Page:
The Beginning of the End?

It looks like this whole Greek bailout mess could FINALLY be coming to an end as euro zone finance ministers approved the €110 billion bailout package for Greece over the weekend. According to the bailout plan, the International Monetary Fund would provide €30 billion while the European Union would supply the rest of the funds.

On top of that, the European Central Bank announced that it would loosen its minimum rating threshold for Greek bonds. Recall that Greek bonds have suffered several downgrades lately, ultimately bringing their rating to junk bond status and rendering them ineligible for ECB purchases. By waving this rating requirement, the ECB would now be able to provide the additional liquidity that Greece needs to pull itself out of debt.

Wait a minute… Didn’t euro zone officials insist that they would NEVER give any special treatment to any of its member nations? Is the ECB in panic mode now? According to ECB President Jean-Claude Trichet, this move is aimed at preventing a full-blown liquidity crisis in the entire region. Would it finally do the trick and completely eliminate debt contagion fears?

Before going into that, let’s take a look on how the EURUSD reacted to all this. I’d say the EURUSD exhibited the classic “buy the rumor, sell the news” case. Look at how the EURUSD rallied furiously last Friday on the speculation that Greece, EU, and the IMF would finally agree on the bailout package. But just yesterday, the EURUSD dropped quickly and reversed all of its gains – and then some – on the news that the deal was finally sealed on Sunday!

This kind of price action is exactly what I expect in the next couple of days. Taking a look at recent action, the EURUSD has been swinging up and down due to bailout news. One day you see the EURUSD soar on bailout rumors, the next you see it fall on downgrade news. Although we may see some short-term euro buying, I still believe that the weak underlying economic fundamentals of the euro zone will continue to put downward pressure on the euro.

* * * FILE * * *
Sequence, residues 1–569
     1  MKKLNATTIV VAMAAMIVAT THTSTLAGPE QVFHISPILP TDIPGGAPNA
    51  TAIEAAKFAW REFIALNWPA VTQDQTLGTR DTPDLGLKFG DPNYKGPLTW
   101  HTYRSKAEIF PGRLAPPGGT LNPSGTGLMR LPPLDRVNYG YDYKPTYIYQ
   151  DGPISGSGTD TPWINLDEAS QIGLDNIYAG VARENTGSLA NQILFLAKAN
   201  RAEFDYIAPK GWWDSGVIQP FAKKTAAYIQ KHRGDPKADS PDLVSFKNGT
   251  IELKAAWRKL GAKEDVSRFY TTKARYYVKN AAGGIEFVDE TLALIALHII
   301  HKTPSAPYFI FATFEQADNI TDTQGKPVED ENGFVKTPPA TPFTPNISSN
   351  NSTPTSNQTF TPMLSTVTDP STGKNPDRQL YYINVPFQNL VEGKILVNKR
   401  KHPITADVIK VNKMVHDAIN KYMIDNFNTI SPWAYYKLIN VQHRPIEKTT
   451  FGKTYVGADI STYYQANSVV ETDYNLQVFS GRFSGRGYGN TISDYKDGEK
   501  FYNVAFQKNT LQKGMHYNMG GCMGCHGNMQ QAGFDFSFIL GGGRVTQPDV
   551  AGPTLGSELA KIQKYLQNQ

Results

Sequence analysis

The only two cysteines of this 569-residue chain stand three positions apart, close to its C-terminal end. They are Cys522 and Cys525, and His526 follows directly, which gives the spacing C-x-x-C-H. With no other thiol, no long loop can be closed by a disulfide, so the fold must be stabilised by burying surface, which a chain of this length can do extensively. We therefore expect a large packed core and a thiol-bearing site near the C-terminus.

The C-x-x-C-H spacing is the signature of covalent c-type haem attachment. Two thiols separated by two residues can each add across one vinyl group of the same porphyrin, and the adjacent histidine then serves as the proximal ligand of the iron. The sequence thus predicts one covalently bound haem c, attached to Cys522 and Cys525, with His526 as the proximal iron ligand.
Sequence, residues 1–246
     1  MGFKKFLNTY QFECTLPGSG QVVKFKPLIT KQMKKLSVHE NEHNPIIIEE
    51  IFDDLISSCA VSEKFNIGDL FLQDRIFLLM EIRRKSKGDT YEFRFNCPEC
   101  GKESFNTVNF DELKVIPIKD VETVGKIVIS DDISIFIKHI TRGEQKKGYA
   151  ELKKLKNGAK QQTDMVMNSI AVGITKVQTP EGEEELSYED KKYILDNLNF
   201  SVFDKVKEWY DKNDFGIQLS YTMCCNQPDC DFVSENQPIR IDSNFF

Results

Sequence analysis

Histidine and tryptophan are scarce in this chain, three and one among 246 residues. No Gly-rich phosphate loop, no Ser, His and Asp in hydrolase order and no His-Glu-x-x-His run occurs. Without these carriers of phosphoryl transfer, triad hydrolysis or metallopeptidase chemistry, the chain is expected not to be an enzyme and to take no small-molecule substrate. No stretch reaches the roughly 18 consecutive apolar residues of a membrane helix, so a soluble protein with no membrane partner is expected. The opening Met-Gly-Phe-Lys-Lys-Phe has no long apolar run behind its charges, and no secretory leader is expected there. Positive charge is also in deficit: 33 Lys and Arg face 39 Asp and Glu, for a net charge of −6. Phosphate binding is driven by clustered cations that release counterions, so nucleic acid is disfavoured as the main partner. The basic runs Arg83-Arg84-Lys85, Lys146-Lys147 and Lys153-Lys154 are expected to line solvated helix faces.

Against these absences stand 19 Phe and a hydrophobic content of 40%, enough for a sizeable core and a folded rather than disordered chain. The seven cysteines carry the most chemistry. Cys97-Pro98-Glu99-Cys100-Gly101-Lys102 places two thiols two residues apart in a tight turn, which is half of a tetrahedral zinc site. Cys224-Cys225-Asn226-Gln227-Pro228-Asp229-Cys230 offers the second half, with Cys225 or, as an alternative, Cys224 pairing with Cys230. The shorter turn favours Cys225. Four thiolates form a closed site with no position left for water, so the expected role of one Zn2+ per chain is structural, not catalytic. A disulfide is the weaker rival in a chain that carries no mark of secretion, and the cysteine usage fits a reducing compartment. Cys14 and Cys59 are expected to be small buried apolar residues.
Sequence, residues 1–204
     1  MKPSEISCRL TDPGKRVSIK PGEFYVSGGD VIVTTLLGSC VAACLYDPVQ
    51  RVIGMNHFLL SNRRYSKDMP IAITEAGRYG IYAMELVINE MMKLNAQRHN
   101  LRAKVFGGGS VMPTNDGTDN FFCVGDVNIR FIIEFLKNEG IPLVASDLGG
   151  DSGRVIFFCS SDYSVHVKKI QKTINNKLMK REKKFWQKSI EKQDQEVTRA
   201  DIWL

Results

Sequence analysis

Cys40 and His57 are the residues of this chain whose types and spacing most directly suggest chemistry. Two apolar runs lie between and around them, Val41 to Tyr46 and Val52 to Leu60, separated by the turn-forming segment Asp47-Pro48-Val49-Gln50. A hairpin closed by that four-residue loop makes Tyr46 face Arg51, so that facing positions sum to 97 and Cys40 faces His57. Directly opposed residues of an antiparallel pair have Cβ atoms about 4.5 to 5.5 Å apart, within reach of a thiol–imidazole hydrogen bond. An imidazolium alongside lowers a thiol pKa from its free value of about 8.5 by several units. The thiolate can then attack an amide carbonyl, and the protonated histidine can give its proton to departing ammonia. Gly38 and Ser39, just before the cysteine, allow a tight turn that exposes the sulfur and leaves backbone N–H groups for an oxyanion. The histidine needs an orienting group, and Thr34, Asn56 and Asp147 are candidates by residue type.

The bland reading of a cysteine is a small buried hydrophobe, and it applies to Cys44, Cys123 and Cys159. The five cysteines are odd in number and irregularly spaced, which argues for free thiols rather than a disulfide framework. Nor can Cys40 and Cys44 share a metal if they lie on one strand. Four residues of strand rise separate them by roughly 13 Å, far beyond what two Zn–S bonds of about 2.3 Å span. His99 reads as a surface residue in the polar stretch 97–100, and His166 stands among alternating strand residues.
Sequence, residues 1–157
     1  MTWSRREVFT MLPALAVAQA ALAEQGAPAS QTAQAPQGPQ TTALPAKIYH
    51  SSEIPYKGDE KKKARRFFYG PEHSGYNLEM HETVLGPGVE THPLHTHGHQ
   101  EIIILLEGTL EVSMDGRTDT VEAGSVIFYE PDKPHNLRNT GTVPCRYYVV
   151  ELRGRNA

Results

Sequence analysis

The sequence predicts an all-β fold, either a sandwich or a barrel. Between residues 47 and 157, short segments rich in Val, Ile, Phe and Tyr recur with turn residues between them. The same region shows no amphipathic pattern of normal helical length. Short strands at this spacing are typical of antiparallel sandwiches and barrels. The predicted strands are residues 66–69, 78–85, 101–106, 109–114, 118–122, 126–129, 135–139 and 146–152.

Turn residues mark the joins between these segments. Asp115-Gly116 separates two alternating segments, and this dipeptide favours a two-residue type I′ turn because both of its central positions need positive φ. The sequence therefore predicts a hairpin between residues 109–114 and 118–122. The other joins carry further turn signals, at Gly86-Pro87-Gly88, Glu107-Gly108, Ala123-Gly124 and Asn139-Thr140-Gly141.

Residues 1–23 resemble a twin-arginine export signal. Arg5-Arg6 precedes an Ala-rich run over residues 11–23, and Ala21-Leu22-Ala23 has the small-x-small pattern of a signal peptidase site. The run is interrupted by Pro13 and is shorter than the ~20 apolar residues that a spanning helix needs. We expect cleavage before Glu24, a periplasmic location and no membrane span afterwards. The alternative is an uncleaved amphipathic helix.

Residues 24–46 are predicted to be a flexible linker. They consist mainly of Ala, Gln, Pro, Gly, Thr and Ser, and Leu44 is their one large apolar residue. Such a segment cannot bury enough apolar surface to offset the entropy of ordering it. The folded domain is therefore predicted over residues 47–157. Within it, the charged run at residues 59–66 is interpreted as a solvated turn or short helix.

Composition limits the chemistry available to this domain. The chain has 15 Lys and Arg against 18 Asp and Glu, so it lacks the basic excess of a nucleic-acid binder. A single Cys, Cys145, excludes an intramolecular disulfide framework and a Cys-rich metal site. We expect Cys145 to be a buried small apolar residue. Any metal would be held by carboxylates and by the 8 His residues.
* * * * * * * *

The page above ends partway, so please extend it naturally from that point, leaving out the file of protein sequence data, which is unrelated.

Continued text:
By lowering their standards for specific required credit ratings, has the ECB just set precedence on how it would handle future debt problems? You see, even though the ECB said that Greece will be the exception rather than the rule, they have now created a loophole in which other indebted countries could argue for financial aid should they need any.

It’s kinda like raising kids. If you let James hit Jen with a samurai sword, breaking her arm in the process, you can bet your Green Power Ranger that Jen will do the same to Jon and say, “But you let James do it to me!” Now, what happens when Spain and Portugal come knocking on Mr. Trichet’s door in the middle of the night, asking for some money? This may just become a problem down the line.

Then again, what choice did the European Union have? Let Greece burn to the ground? I don’t think so! Not providing any additional help to Greece would spread contagion fears that could eventually undermine the whole euro zone… And nobody really wants that! Seriously, nobody wants that.

For now, it seems like debt concerns have been alleviated, so this could provide some much needed support for the gasping euro. Would it stay this way? We’ll have to wait and see!

  • Unen

    Thank you very much!

  • Unen

    Thank you very much!